June 13 (Bloomberg) -- An Andy Warhol soup-can painting and a Mark Rothko abstract are among items worth more than $1.75 billion set to tempt billionaire collectors at the world’s largest modern and contemporary art fair, in Switzerland.
VIPs browsing the 42nd Art Basel, which previews tomorrow, can choose from more than 2,500 artists, organizers said in an e-mailed statement. The 300 galleries representing 35 countries are competing with auction houses for business from the estimated 60,000 people who will attend. In previous years, the VIPs have included Roman Abramovich, Aditya Mittal, Howard Rachofsky, Laurence Graff and actors Brad Pitt and Val Kilmer.
Demand for contemporary works has made a gradual recovery after the 2008-9 slump, encouraging commercial fair organizers to expand. Art Basel, founded in 1970, remains the year’s must-attend event, even with the calendar crowded by competing fairs, according to collectors. It will test demand for museum-quality paintings, sculptures, drawings, installations, photographs, video and editioned works.
“Basel is the most important fair,” Steve Rosenblum, founder of the Paris-based private foundation Rosenblum Collection and Friends, said in an interview. “It is an opportunity to regularly meet the gallerists and keep an eye on what is produced by the artists we support.”
Art Basel, held inside two exhibition halls in the center of the Swiss town, covers 441,000 square feet (41,000 square meters), and combines dealers representing young contemporaries with specialists in classic 20th-century works.
New York-based L & M Arts, one of 73 U.S. dealers at the fair, will be bringing the Warhol can painting from 1965, as well as the Rothko, a 1969 orange work in oils on paper mounted on canvas. Both are priced at between $5 million and $6 million.
The total value of the works insured this year is about $1.75 billion, said Robert Read, head of art and private clients at Hiscox Ltd. That’s higher than last year, with the 10 most expensive works accounting for $1 billion, Read said.
More than 50 of the exhibitors had booths last month at Art HK in Hong Kong, before collectors and curators moved to Venice for the opening of the Biennale on June 4.
Rival organizer Frieze said last month that it would be holding a new fair in New York on May 3-6, 2012. Art Basel’s owner, MCH Group AG, also said in May it acquired a majority stake in Art HK. Next year’s Asian event is now scheduled for May 17-20, two weeks after Frieze New York and six months after Art Basel’s sister Miami Beach fair.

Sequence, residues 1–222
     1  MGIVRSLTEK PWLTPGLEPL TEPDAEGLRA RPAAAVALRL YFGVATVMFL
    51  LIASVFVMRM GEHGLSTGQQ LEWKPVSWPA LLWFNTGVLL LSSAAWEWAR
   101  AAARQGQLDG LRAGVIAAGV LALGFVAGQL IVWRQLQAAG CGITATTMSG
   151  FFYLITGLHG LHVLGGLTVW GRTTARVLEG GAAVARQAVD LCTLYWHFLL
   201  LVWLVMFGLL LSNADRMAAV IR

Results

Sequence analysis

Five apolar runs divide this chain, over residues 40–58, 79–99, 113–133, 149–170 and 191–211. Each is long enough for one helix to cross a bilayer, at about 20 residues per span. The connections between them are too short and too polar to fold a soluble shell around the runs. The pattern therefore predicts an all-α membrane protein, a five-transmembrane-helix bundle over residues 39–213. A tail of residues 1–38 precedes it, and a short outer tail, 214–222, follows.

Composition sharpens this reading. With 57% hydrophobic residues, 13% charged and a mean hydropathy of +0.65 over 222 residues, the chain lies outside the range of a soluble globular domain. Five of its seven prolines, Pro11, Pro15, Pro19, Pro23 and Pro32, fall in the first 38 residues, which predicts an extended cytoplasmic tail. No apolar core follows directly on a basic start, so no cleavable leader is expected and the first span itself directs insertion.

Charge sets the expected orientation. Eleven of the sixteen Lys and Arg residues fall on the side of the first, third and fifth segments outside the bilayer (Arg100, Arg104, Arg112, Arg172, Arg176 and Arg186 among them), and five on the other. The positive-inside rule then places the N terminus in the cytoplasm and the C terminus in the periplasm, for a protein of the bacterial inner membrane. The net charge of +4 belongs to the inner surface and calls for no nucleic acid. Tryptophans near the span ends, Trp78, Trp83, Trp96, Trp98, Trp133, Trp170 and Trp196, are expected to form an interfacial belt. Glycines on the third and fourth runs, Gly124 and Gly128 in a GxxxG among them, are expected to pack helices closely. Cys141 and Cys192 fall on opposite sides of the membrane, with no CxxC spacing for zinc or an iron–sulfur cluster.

“The expansion of these fairs gives momentum to the primary market,” said Iwan Wirth, owner of the Zurich- and London-based dealer Hauser & Wirth, who showed in Hong Kong. “This global presence gives dealers the opportunity to compete with the auction houses.”
Wirth has been exhibiting at Art Basel for 10 years. This week his booth will feature Eva Hesse’s 1967 white relief “Compass,” priced at $3.5 million. Subodh Gupta’s 2011 canvas “Untitled,” showing cutlery gleaming over a plate, is marked at 200,000 euros ($287,000) -- similar to prices asked for the Indian artist’s canvases in June 2008.
“Art has become more international,” L & M director Robert Mnuchin said. “There are more countries with collectors wanting to buy contemporary works from outside their region.”
That said, the fair’s exhibitor list still reflects the art market’s traditional balance of power. The U.S. has the most exhibitors, followed by Germany (50), Switzerland (32), the U.K. (31) and France (23). Brazil, China, India and Russia have a combined total of 12.
New York-based Michael Werner Gallery will be offering new sculptures by the Italian artist Enrico David, whose works are showing in Venice. The snake-like bronze-and-rubber “Study for a Body as a Dog’s Training Camp,” from an edition of five, will be priced at $100,000.
``People want to participate at the beginning of a market,'' Werner director Gordon Veneklasen said. ``When an artist reaches mid-career, it becomes more difficult.''
Emerging talents are presented by dealers in 27 solo shows as part of the ``Art Statements'' section of the fair, as well as at satellite events such as Liste, Scope and Volta.
London-based dealer Kate MacGarry is a first-timer at Basel, showing a 16mm-film by Ben Rivers that charts the demise of a family-run factory in the U.K. capital. ``Sack Barrow'' is in an edition of five, priced at 15,000 pounds ($24,363).
``I'm expecting to have some long-term discussions with curators and museum directors,'' MacGarry said. ``Art Basel has authority. It has old money and new, collectors for contemporary and modern works. It's a smaller city, so the focus is on the fair more than in London and New York.''
MacGarry, like a number of younger dealers, feels more ambivalent about the global expansion of contemporary-art fairs, particularly after participating in Art Hong Kong.
``The big-brand dealers do well,'' she said. ``Being at a fair in China can be very expensive for smaller galleries, and sales do not necessarily come immediately if you're presenting emerging artists: You have to take a long term view.''
Art Basel’s main sponsor is UBS AG. The event takes place at Messe Basel, Messeplatz, 4005 Basel through June 19.
(Scott Reyburn writes about the art market for Muse, the arts and culture section of Bloomberg News. Opinions expressed are his own.)
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